Calcutta, Nov. 24: Buddhadeb Bhattacharjee’s move to relax the rural land ceiling for investors suffered a jolt for the second time in a year today in the face of opposition from the CPM’s Left Front partners.
The front today asked the government to send the West Bengal Land Reforms (Amendment) Bill, 2006, — earlier set to be tabled on Monday — to the all-party select committee of the Assembly for scrutiny and amendments.
It is not expected to be tabled before March.
A jubilant Forward Bloc leader Asoke Ghosh described the decision as “historic”.
A similar bill was withdrawn last year, also because of differences within the front.
“In principle, nobody is opposed to allowing industry to hold land above the ceiling. All have agreed that industry needs more than 24 acres, the ceiling for unirrigated rural land. But we felt some protective provisions should be added. The bill will have to be rephrased to plug the gaps,” front chairman and state CPM secretary Biman Bose said.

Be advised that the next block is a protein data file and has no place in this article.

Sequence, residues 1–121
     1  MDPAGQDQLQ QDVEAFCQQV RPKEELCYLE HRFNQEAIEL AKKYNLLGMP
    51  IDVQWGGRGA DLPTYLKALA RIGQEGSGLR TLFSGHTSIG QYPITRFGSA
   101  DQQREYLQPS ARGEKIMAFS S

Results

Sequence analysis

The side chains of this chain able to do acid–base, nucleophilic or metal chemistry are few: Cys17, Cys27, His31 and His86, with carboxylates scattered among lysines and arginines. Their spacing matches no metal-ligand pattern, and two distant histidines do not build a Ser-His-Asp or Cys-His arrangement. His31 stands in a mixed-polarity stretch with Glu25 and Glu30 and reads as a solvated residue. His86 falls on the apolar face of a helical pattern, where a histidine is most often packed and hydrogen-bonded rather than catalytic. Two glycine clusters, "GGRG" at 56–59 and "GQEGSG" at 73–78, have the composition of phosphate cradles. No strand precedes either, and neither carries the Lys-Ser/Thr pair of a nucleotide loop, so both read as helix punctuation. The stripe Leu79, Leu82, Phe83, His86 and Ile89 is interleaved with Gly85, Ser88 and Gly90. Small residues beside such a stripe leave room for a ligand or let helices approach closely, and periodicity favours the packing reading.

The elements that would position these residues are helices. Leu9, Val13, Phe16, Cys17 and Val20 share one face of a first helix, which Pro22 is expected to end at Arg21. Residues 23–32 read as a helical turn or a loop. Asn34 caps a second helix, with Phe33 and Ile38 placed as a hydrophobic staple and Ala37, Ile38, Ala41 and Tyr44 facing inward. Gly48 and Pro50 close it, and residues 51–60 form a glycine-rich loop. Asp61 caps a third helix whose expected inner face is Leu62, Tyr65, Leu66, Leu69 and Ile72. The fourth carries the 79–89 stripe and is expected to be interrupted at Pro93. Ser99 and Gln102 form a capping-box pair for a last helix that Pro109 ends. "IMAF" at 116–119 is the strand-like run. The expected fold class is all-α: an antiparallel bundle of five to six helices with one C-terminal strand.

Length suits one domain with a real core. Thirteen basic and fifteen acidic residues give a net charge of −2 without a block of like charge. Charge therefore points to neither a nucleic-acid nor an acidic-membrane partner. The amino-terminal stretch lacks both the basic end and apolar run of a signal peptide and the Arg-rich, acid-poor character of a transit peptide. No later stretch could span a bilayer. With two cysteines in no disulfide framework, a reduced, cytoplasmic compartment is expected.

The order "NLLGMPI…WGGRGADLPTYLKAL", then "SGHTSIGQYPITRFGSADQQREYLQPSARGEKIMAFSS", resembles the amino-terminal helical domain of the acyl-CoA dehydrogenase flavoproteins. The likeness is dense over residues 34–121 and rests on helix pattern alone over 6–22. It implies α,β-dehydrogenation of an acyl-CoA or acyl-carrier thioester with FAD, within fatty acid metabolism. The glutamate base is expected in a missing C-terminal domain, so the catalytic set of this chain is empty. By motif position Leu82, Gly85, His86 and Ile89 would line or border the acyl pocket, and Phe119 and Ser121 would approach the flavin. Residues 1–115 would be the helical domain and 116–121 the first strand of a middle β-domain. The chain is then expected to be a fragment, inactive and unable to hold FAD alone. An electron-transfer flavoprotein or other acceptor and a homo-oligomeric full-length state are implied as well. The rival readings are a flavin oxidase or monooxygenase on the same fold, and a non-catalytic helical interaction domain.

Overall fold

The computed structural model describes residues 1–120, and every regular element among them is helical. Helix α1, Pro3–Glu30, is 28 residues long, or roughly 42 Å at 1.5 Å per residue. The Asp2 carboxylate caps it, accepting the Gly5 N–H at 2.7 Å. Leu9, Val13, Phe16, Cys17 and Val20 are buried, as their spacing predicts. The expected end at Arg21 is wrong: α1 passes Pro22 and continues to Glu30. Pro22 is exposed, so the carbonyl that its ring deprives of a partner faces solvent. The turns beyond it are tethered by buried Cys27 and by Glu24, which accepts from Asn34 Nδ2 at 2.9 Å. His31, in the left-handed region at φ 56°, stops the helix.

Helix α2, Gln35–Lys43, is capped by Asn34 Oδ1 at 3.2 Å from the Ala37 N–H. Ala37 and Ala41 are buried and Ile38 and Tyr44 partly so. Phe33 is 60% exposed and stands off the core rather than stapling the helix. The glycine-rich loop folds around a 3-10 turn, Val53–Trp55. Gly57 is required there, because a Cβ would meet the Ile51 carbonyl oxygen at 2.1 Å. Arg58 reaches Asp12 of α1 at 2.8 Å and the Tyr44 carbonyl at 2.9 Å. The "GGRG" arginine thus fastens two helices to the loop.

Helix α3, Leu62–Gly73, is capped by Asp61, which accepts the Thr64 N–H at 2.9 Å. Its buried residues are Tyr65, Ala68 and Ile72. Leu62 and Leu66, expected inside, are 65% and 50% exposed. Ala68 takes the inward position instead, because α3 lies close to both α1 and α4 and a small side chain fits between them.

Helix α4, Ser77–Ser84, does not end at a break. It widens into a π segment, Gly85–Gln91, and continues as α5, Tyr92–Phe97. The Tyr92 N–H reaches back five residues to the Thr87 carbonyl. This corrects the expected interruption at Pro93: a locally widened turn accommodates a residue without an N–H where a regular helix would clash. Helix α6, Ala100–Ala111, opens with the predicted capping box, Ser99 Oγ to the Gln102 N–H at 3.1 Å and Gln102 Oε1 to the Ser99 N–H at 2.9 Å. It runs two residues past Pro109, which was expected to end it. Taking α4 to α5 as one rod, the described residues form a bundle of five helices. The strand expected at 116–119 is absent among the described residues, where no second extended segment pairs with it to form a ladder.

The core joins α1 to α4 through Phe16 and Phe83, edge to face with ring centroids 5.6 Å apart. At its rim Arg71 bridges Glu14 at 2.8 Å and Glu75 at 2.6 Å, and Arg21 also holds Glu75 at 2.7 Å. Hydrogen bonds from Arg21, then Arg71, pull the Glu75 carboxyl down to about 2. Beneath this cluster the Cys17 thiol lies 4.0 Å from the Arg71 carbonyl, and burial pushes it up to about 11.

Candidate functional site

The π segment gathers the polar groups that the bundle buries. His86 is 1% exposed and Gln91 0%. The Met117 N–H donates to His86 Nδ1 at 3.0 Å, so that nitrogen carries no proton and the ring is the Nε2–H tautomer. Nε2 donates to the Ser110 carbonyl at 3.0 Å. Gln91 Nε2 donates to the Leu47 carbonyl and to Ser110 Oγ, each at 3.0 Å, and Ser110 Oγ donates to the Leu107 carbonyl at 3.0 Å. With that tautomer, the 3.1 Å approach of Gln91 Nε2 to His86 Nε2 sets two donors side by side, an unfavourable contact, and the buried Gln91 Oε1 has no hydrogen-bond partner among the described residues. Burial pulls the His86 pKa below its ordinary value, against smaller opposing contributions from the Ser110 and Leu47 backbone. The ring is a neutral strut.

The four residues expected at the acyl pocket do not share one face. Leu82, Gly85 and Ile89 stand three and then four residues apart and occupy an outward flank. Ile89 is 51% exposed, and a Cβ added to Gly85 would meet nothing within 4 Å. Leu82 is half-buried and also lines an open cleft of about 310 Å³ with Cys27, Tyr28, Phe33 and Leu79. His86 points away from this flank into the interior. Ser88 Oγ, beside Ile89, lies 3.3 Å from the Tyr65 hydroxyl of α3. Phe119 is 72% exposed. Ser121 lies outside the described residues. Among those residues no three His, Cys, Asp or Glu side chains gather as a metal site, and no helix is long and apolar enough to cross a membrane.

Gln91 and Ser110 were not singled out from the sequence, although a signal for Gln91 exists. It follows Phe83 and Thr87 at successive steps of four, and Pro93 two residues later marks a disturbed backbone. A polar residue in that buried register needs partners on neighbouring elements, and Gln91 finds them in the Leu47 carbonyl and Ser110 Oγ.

The decision to send the bill to the select committee was unanimous, he added.
Reacting to the issues raised by the Bloc, the CPI and the RSP (see box), Bose admitted that it would have been better had they been discussed in the front first. He was also not aware whether it had been placed before the cabinet.
The allies made it apparent that their strategy today was to “slow down” the land acquisition drive. “We did not oppose the relaxation of rural land ceiling for industry and infrastructure projects. Our basic aim was to send the bill to the select committee where we will express our views in detail,’’ an RSP leader said.
The government would not face any legal hurdle in leasing out the Singur plot to the Tatas, though, as land for factories, tea gardens and mills is exempt from the land ceiling.
“But acquisition and transfer of around 43,000 acres needed for the Salim Group’s infrastructure projects and SEZs are likely to face hassles,’’ a CPI veteran said.
Land and land reforms minister Abdur Rezzak Mollah said in the Assembly that over 43,000 acres of farmland are being acquired for setting up industries. “The government has no option…. It (the acquisition) pains me a lot but I will not utter a word about that in the House,’’ he said in reply to an Opposition query.